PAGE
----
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Why does 0x5 converts to 101 with Convert.ToString? And, in "Convert.ToString(0x5 ^ 0x3, 2));" what does the ",2" do? RRS feed

  • Question

  • Reference: http://msdn.microsoft.com/en-us/library/zkacc7k1.aspx

    In the above website, there is the following passage which has confused me: 

    // Bitwise exclusive-OR of 101 (5) and 011 (3) returns 110 (6).
    Console.WriteLine("Bitwise result: {0}", Convert.ToString(0x5 ^ 0x3, 2));

    Could someone please help me by explaining:

    Q1: Shouldn't "0x5" to converted to 5? Why is it converted to 101? (Is there an Msdn page on hexadecimal conversion?)

    Q2: What does the", 2" do?

    Much thanks!!





    Wednesday, October 1, 2014 3:09 PM

Answers

  • The 101 for 5, 011 for 3, and 110 for 6 are the binary representation of the numbers. The reason why they are included in the comments is that the code is doing a bitwise operation, that is it is operating on the binary digits of the numbers.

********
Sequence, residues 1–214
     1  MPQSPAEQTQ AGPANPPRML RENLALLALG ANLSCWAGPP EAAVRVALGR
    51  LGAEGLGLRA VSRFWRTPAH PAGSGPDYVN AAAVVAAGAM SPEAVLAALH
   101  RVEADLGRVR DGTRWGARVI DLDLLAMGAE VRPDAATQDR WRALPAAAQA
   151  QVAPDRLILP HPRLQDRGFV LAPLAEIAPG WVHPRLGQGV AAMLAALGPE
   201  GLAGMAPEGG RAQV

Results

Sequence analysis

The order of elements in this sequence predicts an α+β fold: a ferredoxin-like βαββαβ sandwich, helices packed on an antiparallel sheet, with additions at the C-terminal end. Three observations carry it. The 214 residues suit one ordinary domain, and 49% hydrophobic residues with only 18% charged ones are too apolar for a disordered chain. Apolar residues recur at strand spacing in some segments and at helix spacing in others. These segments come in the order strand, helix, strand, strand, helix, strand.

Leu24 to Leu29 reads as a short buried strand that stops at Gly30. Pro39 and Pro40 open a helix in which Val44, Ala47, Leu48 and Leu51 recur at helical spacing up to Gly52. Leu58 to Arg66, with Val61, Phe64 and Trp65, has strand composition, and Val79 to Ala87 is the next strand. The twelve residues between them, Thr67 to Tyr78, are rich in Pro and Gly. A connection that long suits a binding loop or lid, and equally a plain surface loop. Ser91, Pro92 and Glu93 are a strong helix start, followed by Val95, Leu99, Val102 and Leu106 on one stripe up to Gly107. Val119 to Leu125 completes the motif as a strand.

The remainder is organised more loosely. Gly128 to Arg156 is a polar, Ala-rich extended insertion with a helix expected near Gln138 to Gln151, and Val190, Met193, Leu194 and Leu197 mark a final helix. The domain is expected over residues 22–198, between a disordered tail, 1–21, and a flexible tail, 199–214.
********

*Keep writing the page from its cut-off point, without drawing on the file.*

The Exclusive Or operator (^ in c#) will set each bit in the result equal to 1 if the equivalent bit on one (but not both) of the two inputs is 1, and will set it to 0 is the equivalent bits in the two inputs are both 1 or both 0.

    The example works like this:

    101 XOr
    011
    ---
    110

    The left hand bit is 1 in the first input and 0 in the second, so it is 1 in the result.
    The middle bit is 0 in the first input and 1 in the second, so it is 1 in the result.
    The right hand bit is 1 in both inputs, so it is 0 in the result.

    The result is 110 which is binary for 6.

    The answer to your second question is that the ", 2" in the Convert.ToString arguments is to say that the number should be displayed in base 2 (that is binary).
    • Edited by Blackwood Wednesday, October 1, 2014 4:10 PM Add second answer
    • Marked as answer by KommSusserTod Thursday, October 2, 2014 2:57 AM
    • Unmarked as answer by KommSusserTod Thursday, October 2, 2014 2:57 AM
    • Marked as answer by KommSusserTod Thursday, October 2, 2014 2:58 AM
    Wednesday, October 1, 2014 3:30 PM